Cadets remember fallen heroes of First World War

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Staff reporter

CADETS have made a poignant trip to commemorate the First World War.

Cadets from Rossett, Rhos, Wrexham and Llangollen Platoons of the Clwyd and Gwynedd Army Cadet Force, (ACF) visited the Somme area of northern France to participate in commemorations of the famous battle on July 1, 1916.

Capt Mervyn Jones of Rossett Platoon, who has organised trips over the past seven years, said: “Each year it gets bigger and bigger, we achieve more and incorporate more into the itinerary. Thirty-eight cadets came this year, next year I would hope to bring more and I would like to continue in this vein until the 100th anniversary in 2016.”

The cadets paraded at the main ceremony at the Thiepval Memorial and played an integral role at the ceremonies at the Lochnagar Crater and the Ulster Tower, the Divisional memorial to the men of the 36th Ulster Division.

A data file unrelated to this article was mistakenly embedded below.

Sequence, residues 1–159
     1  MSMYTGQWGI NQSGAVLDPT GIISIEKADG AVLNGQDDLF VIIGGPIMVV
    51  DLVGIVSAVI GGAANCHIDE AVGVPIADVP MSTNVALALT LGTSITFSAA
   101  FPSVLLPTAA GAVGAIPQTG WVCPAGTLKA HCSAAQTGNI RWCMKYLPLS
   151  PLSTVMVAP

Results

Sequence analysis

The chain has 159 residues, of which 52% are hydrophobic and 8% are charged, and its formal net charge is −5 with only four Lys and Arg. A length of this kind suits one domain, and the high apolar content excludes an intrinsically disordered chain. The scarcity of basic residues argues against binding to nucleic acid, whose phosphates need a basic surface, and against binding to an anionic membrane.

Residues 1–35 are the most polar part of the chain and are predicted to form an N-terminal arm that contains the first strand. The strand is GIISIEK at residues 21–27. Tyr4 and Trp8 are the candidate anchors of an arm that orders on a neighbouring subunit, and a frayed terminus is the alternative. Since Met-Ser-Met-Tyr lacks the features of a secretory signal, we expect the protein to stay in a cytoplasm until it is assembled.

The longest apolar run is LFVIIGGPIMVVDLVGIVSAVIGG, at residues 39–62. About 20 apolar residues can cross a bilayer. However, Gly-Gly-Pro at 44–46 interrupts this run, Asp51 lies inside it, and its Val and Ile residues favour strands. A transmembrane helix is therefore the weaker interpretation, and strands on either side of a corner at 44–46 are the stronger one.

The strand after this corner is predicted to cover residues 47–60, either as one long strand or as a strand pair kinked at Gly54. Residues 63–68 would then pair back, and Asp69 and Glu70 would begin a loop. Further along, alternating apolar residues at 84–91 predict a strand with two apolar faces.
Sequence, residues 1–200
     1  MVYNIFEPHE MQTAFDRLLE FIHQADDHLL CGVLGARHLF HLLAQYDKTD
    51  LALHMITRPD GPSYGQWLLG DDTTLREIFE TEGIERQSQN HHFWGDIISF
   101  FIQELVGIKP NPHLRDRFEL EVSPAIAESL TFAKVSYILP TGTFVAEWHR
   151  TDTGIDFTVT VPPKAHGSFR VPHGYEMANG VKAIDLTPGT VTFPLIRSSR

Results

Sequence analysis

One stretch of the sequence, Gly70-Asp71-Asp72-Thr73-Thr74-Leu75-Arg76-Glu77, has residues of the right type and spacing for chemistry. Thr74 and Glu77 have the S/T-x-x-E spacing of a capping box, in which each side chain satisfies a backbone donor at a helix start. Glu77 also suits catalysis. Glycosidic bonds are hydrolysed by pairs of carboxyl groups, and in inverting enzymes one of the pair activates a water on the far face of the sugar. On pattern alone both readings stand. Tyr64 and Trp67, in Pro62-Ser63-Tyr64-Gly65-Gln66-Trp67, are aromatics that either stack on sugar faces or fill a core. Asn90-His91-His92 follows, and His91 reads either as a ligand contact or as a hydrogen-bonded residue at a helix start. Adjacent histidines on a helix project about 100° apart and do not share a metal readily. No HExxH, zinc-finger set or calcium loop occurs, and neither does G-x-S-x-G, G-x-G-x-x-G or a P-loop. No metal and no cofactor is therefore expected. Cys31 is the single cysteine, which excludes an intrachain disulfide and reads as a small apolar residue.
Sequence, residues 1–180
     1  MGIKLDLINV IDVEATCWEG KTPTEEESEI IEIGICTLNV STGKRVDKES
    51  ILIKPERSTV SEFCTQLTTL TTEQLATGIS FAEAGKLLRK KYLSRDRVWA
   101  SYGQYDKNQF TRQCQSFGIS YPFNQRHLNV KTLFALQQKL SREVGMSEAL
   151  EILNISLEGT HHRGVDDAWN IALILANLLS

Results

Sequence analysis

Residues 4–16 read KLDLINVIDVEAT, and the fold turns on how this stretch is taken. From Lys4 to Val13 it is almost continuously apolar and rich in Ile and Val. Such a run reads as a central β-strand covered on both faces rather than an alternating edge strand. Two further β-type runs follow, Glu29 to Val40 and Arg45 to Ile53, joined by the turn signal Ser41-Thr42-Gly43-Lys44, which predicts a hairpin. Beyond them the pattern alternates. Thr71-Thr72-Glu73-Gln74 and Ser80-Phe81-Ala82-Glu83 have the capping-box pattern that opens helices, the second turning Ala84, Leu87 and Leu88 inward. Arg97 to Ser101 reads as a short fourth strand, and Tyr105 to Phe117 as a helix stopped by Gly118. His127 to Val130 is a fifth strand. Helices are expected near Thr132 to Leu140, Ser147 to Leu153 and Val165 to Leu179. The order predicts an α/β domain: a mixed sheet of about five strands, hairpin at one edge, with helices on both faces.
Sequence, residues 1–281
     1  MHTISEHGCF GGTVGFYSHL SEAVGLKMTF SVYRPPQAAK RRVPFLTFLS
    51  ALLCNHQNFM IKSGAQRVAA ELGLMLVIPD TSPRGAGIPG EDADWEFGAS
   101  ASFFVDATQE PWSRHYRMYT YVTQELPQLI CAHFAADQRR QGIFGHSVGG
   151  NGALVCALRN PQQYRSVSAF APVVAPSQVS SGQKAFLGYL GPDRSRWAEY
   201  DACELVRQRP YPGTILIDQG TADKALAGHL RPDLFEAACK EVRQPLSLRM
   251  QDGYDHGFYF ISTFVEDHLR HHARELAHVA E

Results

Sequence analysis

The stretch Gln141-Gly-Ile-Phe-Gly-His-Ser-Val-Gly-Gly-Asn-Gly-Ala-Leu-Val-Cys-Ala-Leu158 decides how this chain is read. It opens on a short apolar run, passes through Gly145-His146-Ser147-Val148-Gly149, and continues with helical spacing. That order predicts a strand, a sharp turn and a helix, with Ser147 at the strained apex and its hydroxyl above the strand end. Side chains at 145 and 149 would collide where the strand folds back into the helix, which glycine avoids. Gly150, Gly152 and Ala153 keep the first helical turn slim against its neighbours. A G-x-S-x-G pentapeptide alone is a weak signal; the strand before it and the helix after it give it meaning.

The cadets also visited the Menin Gate at Ypres, Belgium and paraded at the daily ceremony remembering those who lost their lives in Flanders Fields.

The 38th Welsh Division fought at Passchendale, near Ypres, in 1917.

Passchendale is now home to Tyne Cot cemetery, the world’s largest British military cemetery with over 12,000 graves which the cadets also visited.

“There are three holders of the Victoria Cross buried within the cemetery,” said Capt Jones, “it is a poignant demonstration of the courage, selflessness and sacrifice of the British soldier. The other side of the coin is that the sheer number of graves starkly illustrates how futile war can be. It gives the cadets a lot of food for thought.”

They also found time to do ground maintenance work at the Lochnagar Crater, created by 66,000 lbs of explosive detonated as Allied troops began their assault.

Finally they developed links with French Army Cadets from Paris, and even squeezed in a trip to Euro Disney.

The trip was supported by AVOW, Egerton Street, Wrexham.

See full story in the Leader

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